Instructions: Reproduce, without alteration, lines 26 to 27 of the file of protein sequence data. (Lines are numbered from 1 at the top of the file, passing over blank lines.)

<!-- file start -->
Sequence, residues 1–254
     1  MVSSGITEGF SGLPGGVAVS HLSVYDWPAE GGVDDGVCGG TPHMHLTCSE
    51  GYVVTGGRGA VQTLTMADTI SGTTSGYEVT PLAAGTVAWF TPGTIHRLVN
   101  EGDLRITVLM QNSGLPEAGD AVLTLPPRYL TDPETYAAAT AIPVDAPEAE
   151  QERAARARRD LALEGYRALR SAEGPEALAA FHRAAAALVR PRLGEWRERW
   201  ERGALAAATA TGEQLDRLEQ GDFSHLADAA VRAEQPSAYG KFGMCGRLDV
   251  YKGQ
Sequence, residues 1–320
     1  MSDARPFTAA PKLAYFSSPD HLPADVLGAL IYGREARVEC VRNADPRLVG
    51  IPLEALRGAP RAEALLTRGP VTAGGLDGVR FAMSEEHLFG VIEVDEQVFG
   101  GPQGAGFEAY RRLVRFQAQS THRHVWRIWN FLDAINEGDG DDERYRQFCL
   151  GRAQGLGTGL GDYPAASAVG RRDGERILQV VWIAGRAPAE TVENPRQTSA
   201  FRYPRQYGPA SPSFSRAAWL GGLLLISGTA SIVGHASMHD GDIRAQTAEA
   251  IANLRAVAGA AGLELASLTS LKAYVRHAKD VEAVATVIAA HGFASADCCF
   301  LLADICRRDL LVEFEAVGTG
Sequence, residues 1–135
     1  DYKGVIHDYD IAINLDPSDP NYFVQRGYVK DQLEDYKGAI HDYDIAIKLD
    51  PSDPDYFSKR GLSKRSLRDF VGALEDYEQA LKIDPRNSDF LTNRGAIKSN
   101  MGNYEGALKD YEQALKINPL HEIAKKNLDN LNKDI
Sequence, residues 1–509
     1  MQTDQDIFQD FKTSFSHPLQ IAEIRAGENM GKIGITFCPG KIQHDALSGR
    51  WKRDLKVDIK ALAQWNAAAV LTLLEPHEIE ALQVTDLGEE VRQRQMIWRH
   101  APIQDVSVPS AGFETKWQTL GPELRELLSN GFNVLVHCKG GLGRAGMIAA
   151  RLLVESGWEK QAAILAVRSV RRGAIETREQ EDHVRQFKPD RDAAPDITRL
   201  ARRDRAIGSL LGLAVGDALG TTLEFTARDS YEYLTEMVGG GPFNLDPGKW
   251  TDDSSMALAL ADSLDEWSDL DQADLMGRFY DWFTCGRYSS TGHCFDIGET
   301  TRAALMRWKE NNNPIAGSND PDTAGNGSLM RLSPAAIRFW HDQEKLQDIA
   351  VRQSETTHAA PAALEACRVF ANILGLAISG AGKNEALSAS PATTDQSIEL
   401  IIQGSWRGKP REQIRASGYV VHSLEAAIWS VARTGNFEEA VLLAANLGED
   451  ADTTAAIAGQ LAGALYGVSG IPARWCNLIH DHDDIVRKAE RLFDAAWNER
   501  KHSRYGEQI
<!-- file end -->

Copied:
   251  TDDSSMALAL ADSLDEWSDL DQADLMGRFY DWFTCGRYSS TGHCFDIGET
   301  TRAALMRWKE NNNPIAGSND PDTAGNGSLM RLSPAAIRFW HDQEKLQDIA